Waiting for spring can make you as antsy as waiting for Christmas when you were a kid. Will it ever get here? And then it arrives suddenly…and there’s no more luxurious time to scheme or dream.
Photography by Sara Barrett for Gardenista, except where noted.
1. See what’s not there.
When trees are bare and plants are dormant is the best time to study a garden’s underpinnings. “In the winter, you can see what’s missing. Are there areas where you need screening because you suddenly you notice the air conditioning unit that looks horrible?” asks Pierson.
2. Add trellises, tuteurs, and supports.
3. Help your hardscape.
4. Plant trees and shrubs.
5. Place your order.
After you decide how to fill the holes, place an early order to get the best selection and prices on both specimen trees and hardscape elements.
“Last year I waited too long and for my own garden I couldn’t get the white tuteur before we sold out,” says Pierson. “I like it because it looks clean and actually becomes part of the garden design.”
6. Buy seeds.
“I like to direct-sow in spring, but it’s very important to order now or you won’t get what you want,” Pierson says. “One of my favorite vendors is Renee’s Garden. I’m ordering all my cosmos, zinnias, and sunflowers now.”
The secret to sowing seeds directly into the ground? “Raised beds are the answer because you’ll be sowing into nice, light, fluffy potting soil. If you don’t have air in soil, you’ll have problems.”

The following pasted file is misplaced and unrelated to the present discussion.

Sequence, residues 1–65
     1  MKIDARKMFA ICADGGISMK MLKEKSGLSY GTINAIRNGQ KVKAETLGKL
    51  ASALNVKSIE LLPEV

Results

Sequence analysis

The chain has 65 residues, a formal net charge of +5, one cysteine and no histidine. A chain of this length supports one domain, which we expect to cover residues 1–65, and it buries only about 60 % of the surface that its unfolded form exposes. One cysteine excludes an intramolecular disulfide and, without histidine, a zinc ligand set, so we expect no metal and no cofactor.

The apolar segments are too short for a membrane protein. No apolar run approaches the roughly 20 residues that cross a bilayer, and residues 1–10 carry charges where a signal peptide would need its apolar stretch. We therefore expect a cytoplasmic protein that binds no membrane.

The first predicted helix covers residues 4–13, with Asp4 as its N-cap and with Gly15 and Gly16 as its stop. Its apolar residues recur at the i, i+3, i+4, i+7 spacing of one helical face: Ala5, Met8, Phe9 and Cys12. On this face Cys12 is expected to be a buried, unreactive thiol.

7. Rehab your tools.
Now is the season when you have time to clean, oil, and repair tools. Do it. “I was just down in my basement last night to take stock, to look at my scissors and pruners and what needs to be sharpened,” says Pierson. “My gloves are a disaster; the middle finger always goes out. Anything I need to replace for the coming season, I’ll do now because I’ll get better price and availability.”
8. Prune judiciously.
9. Weed with enthusiasm.
10. Mulch for moisture.
See more pre-spring cleanup ideas tips for growing Perennials, Annuals, and Edibles in our curated Garden Design 101 guides. And if you’re taking advantage of one of the last weekends of winter to do some armchair gardening, see: